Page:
If you didn't know what a tangent is... now you do. Washington Post reporter Karen DeYoung wrote this morning that "If not household names, Biden’s picks are steeped in the ways of Washington. Former deputy secretary of state Antony Blinken, a longtime Biden adviser, is set to become secretary of state, a position once held by John F. Kerry, who now will be climate envoy. [Would have it been too much to ask for Biden to appoint someone under 76 to this particular post?] Jake Sullivan, who was national security adviser to Vice President Biden, will now become national security adviser to President Biden... Biden also tapped Alejandro Mayorkas, who held several posts in the Obama administration, as the nation’s first Latino homeland security secretary; Linda Thomas-Greenfield, a former career Foreign Service officer, as ambassador to the United Nations; and Avril Haines, a former deputy director of the CIA, as the first female director of national intelligence. Biden’s picks are all known quantities whose nominations signal a return to a more predictable era of American policy. By design, they seem meant to project a dutiful competence, as Biden creates a government overseen by those who have run it before. Many of his picks have spent most of their adult lives in Washington, forging deep relationships with those who have done the same and finding familiarity in the think tank speaking circuit, in the cocktail party crowds, and in writing for wonky but influential publications. They all have long-standing relationships with Republican lawmakers, which could smooth their confirmation hearings and open the possibility of some bipartisanship, and they are well known among NATO and Middle Eastern allies.

Solomon wrote that "By all accounts, the frontrunner to be Joe Biden’s pick for Secretary of Defense is Michèle Flournoy. It’s a prospect that should do more than set off alarm bells-- it should be understood as a scenario for the president-elect to stick his middle fingers in the eyes of Americans who are fed up with endless war and ongoing militarism. Warning and petitioning Biden to dissuade him from a Flournoy nomination probably have scant chances of success. But if Biden puts her name forward, activists should quickly launch an all-out effort to block Senate confirmation. As the Biden administration takes office, progressives have an opportunity to affirm and amplify the position that Martin Luther King Jr. boldly articulated when he insisted that 'I never intend to adjust myself to the madness of militarism.' In the present day, the pernicious and lucrative aspects of that madness are personified in the favorite to be Biden’s Defense Secretary."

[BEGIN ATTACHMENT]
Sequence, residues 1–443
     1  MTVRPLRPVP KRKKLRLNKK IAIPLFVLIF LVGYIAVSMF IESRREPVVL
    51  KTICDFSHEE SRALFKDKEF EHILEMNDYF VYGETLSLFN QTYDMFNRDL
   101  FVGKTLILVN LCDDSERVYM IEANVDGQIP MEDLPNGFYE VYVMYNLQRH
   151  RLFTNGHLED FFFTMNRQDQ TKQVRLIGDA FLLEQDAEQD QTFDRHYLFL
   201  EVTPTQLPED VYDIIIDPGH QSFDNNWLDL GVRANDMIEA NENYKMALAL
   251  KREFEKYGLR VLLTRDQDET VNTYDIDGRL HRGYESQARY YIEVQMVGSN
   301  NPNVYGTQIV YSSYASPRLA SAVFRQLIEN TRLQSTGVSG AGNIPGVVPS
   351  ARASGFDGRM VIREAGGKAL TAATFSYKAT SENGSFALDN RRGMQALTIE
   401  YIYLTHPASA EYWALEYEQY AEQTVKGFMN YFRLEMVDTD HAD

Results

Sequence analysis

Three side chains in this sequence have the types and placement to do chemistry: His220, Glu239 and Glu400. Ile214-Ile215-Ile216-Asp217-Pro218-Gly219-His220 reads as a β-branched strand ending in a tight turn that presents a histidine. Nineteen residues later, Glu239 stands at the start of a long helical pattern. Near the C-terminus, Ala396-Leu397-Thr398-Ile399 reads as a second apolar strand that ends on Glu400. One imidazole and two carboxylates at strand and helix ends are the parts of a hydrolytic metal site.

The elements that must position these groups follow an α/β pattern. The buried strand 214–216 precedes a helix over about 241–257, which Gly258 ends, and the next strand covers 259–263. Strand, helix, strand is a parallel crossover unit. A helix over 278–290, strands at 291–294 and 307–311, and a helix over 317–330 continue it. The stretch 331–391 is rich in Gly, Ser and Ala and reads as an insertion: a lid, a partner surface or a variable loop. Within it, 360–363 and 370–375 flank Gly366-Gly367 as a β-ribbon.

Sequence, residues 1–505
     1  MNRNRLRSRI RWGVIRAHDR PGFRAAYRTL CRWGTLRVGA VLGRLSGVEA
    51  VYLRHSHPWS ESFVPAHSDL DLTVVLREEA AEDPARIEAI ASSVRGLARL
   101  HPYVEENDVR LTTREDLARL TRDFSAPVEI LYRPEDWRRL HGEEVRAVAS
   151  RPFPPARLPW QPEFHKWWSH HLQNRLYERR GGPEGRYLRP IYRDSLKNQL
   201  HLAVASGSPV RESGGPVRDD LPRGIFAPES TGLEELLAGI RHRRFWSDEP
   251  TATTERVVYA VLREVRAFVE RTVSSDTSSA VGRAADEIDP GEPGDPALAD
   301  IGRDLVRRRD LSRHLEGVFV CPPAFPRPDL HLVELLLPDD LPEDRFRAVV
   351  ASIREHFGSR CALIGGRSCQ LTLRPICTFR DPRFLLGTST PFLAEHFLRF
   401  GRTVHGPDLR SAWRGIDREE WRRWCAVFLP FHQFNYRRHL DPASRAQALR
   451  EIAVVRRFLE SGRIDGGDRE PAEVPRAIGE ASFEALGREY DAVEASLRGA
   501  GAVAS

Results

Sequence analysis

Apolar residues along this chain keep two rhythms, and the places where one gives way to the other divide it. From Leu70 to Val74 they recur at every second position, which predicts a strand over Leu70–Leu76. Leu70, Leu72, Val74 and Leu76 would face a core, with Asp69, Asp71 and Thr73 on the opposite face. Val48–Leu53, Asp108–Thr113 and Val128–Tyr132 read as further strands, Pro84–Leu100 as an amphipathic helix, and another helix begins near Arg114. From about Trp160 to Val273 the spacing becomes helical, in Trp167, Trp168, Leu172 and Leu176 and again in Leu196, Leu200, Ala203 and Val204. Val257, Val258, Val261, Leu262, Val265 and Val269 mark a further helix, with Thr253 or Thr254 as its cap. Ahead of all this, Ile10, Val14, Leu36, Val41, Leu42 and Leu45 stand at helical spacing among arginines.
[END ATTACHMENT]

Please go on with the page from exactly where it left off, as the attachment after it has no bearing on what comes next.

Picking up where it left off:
As if Antony Blinken and Avril Haines aren't bad enough-- and 100% predictably so-- Jack Detsch and Robbie Gramer, writing yesterday for Foreign Policy, noted that "Despite widespread support of Flournoy from many foreign-policy experts, who dismissed any nefarious influence from her past ties to the defense industry, some progressive Democratic lawmakers have raised a battle cry. 'Flournoy supported the war in Iraq [and] Libya, criticized Obama on Syria, and helped craft the surge in Afghanistan,' Democratic Rep. Ro Khanna, a progressive backer of Sen. Bernie Sanders and an architect of the 2019 War Powers Resolution to end U.S. involvement in Yemen, tweeted on Sunday. 'I want to support the President’s picks. But will Flournoy now commit to a full withdrawal from Afghanistan & a ban on arms sales to the Saudis to end the Yemen war?' Flournoy, as Pentagon policy chief during the Obama administration, clashed with Biden when he was vice president over the U.S. troop presence in Afghanistan, as did much of the Obama administration, and in the past pushed to keep more U.S. forces in Iraq... [P]rogressives specifically raised issues with Flournoy’s ties to defense contractors and expressed frustration that she wasn’t willing to agree to an outright ban on U.S. arms sales to Saudi Arabia, instead favoring just a ban on offensive weapons sales. Some progressives have also been frustrated by the Biden team’s unwillingness to commit to defense spending cuts and to redirect more of the Pentagon budget toward domestic priorities."